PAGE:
Category 4 includes individuals whose loss details, such as location and 
time, are unknown and who do not fit into any of the varying degrees of 
knowledge other than category 5. No reason for this discrepancy can be 

The Americans aboard the C130E are listed among the missing because their 
remains were never found to be returned to their homeland. They are among 
nearly 2500 Americans who remain unaccounted for from the Vietnam war. The 
cases of some, like the C130E crew, seem clear - that they perished and will
never be recovered, Unfortunately, many of the missing do not have such 
clear cut cases. Some were known captives; some were photographed in 
captivity. Some were in radio contact with search teams, while others simply

Mike Bell - USAF 1963-66, 3345th M&S Group/ATC
"Warriors are decisive in battles, not in wars."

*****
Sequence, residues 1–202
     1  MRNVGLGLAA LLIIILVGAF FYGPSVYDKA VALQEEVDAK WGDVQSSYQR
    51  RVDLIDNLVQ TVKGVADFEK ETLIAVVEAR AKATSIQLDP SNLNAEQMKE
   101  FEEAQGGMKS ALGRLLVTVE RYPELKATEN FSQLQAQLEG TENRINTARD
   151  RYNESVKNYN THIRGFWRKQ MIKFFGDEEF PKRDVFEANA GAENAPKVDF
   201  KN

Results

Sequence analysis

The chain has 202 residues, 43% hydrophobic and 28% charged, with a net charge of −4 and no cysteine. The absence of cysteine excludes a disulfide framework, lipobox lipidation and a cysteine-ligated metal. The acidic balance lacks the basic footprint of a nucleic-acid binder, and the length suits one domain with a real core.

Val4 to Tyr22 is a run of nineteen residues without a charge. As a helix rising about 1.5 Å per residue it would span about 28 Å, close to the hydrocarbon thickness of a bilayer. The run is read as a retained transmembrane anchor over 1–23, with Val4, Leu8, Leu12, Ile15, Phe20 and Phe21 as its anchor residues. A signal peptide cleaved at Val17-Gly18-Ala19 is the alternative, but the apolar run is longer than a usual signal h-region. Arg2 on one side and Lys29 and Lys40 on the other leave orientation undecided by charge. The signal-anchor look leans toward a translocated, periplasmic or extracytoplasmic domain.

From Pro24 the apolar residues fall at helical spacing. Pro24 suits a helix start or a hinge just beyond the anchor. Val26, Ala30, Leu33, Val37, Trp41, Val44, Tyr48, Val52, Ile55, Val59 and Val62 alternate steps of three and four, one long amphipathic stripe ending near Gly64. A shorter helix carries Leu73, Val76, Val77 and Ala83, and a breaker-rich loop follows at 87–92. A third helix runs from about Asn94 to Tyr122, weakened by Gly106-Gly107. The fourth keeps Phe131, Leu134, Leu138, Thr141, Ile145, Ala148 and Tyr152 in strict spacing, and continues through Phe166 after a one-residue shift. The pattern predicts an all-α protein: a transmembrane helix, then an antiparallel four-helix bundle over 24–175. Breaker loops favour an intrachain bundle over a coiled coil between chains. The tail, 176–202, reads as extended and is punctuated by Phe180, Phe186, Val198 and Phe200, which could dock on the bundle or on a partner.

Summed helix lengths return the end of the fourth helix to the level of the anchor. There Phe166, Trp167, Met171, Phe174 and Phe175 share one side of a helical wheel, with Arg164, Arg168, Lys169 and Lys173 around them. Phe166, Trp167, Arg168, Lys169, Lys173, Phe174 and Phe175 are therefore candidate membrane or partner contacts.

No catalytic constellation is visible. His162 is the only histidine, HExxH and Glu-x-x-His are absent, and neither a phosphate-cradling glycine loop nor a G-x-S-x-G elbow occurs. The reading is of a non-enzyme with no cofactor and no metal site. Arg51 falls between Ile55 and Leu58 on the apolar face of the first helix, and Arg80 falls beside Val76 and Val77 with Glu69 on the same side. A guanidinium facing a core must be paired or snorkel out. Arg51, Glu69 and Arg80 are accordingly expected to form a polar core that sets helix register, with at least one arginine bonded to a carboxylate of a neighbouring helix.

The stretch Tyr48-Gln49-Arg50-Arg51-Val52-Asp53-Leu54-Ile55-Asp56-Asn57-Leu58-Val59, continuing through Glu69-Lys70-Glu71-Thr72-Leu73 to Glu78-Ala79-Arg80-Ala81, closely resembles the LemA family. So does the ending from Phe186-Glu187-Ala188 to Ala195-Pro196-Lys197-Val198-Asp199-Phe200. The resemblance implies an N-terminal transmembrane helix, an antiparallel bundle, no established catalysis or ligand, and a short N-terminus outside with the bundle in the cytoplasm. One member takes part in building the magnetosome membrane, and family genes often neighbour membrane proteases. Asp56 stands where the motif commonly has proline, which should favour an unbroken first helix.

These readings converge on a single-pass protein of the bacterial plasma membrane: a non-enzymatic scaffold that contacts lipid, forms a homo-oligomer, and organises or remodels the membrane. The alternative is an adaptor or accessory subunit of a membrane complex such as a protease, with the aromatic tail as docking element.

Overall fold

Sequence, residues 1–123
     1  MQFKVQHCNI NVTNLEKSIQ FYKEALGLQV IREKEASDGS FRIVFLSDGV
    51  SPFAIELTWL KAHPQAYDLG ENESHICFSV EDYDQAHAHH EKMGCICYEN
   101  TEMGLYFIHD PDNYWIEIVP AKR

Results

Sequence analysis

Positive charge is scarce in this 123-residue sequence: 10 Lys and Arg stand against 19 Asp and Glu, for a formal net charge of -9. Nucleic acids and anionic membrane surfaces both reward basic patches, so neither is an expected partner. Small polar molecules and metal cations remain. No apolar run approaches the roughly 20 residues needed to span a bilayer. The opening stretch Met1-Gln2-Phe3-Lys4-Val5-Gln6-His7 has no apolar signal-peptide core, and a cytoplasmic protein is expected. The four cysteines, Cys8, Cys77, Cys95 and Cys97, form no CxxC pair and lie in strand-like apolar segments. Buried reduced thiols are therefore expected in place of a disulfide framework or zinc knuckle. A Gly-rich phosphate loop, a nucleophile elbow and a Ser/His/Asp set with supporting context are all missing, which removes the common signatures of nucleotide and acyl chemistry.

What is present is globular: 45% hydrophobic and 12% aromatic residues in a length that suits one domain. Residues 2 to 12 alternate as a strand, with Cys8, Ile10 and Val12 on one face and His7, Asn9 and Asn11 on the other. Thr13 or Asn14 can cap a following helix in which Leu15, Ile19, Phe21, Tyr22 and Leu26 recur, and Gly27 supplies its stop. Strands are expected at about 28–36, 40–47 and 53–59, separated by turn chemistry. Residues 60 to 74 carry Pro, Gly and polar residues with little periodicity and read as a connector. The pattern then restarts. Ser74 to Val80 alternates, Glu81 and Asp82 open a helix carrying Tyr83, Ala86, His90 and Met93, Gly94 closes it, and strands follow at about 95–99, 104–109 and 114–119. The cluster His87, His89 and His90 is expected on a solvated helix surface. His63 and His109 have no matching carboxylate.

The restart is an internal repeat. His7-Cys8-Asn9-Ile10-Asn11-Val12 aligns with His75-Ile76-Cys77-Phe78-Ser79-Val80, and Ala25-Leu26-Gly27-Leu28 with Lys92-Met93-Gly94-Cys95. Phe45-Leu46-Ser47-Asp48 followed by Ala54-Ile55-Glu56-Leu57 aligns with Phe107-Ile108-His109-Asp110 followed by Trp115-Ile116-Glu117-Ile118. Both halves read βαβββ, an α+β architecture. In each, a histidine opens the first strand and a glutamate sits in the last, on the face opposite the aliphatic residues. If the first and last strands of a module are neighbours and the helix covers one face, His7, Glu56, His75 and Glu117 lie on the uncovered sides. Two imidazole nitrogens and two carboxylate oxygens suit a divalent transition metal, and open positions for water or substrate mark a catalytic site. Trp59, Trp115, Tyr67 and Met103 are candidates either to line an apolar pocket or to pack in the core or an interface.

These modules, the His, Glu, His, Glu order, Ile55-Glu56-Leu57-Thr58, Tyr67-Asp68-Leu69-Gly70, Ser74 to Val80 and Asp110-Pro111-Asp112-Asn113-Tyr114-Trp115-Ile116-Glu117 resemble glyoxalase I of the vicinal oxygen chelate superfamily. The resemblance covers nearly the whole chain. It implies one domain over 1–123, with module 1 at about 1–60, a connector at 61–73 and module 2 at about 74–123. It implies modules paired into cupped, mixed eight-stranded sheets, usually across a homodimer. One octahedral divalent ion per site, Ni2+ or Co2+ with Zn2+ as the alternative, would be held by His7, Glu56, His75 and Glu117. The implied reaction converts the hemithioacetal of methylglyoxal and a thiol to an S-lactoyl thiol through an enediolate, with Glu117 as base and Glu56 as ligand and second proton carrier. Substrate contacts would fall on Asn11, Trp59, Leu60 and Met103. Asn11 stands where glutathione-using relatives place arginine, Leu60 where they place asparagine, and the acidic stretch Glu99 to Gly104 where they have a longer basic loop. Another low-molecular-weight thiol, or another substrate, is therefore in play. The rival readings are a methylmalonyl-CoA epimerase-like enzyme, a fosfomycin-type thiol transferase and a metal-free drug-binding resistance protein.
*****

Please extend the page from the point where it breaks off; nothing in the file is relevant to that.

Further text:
Tuesday, March 10, 2009

I wear mine for my cousin

My (distant) cousin, PFC Justin W. Dreese, of the 82nd Airborne, US Army, was killed in a mortar attack in Iraq, on 2 Sept 2006.  I wear my Memorial Bracelet to honor his sacrifice, and the other (almost) 5,000 heroes from our nation's military services since 2001, that have "paid the last full measure of devotion" by laying their lives upon the altar of freedom.  I wear it constantly, as a officer of my veteran chapter that is out in the community constantly.  These are pictures of me in Arlington Cemetary (section 60, where the newest heroes are laid to rest) on February 17, 2009.
Wm. Dreese, Sgt. (ret) US Army Infantry
3/41 Inf, 2nd Armored Div.
Persian Gulf War, 90-91
V.P., SouthEast Michigan Veterans of Modern Warfare, Chapter 4

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Thursday, March 05, 2009

Col. William J. Thompson - The Definition of a Hero